I found it necessary to write again about that memorable trip to Burkina Faso after reading a paper titled knowledge politics and the Bt cotton success narrative in Burkina Faso, published recently by two academics I respect. They, among others, argued that the faulty and incomplete success narrative about Burkina Faso’s Bt cotton did not reflect the reality on the ground. They argued that estimates on the benefits that farmers derived from Bt cotton was over blown and they specifically blamed organizations like ISAAA and the Cornell Alliance for Science for playing “a disproportionate role in creating and propagating this success narrative.”

The authors of the paper found it discomforting that the Burkina Faso story was still being told as a successful one. “Even after Burkina Faso’s phase out of Bt cotton, the narrative of success continued. One organization in particular, Cornell Alliance for Science, published articles claiming that ‘‘GM cotton in Burkina Faso has in reality been a runaway success” (Conrow, 2016), and that the withdrawal of Bt cotton was ‘‘reversing the tide of progress” (Gakpo, 2017),”the paper noted.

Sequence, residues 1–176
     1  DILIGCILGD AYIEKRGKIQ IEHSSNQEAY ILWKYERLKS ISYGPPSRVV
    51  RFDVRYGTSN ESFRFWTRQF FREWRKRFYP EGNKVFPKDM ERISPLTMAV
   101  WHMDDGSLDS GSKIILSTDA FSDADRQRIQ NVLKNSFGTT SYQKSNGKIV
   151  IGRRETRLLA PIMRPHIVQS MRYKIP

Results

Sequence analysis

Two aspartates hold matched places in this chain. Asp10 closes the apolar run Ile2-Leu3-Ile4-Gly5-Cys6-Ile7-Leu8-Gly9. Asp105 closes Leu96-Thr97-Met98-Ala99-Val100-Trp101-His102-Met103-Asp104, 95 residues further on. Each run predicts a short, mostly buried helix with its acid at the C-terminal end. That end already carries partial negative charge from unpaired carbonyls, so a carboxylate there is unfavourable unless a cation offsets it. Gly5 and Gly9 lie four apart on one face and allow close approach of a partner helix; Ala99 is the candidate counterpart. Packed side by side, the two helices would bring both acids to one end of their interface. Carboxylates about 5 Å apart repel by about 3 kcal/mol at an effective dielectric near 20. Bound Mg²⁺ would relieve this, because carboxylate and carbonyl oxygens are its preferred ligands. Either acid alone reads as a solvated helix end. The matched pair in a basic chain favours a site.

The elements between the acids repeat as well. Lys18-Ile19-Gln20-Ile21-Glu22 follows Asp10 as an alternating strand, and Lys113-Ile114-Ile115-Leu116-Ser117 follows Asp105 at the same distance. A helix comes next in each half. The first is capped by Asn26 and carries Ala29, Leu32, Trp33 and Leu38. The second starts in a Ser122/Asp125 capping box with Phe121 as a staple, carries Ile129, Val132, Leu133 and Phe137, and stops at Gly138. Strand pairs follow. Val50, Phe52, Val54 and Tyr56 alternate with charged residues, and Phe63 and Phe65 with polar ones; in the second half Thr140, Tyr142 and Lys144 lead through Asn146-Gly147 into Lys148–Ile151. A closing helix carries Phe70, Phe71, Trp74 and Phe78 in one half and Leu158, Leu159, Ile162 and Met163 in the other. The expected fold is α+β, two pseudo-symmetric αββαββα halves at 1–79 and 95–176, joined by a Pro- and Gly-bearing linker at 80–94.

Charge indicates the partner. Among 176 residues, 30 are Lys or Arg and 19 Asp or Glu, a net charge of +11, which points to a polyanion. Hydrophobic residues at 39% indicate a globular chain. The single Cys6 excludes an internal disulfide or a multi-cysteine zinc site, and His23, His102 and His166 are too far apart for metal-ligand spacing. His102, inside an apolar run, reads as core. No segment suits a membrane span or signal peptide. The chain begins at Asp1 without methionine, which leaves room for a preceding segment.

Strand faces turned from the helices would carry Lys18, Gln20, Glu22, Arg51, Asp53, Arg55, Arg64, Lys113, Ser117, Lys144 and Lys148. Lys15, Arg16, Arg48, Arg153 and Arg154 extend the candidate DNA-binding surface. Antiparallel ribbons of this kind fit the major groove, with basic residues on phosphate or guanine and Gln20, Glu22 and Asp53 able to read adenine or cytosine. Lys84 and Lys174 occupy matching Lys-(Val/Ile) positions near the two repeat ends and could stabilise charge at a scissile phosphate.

Thankfully, Burkina Faso is within walking distance of my home in Ghana. Seidu, the Kuraogos, Abdul Aziz, Karboe and Tanou are still alive today to re-tell their stories, if need be. So, there is absolutely no basis for anyone to claim the so-called “success narrative” is false. The voices of these farmers matter.

The bigger picture

More importantly, I want to draw attention to the bigger picture — Africa’s adoption of the technology — and how the situation in Burkina Faso serves as a distraction. I believe it would be an error for Africa to allow the story told by cotton processors in Burkina Faso to shape the discourse in terms of biotechnology’s future on the continent. In 2017, small holder farmers in developing nations, including Bangladesh, Brazil, South Africa, Argentina, Sudan and India, accounted for more than 53 percent of the world’s total GM crop fields. In 2018 alone, GM crops added an estimated US$18.95 billion to farmers’ direct income, 53 percent of which went to farmers in the developing world.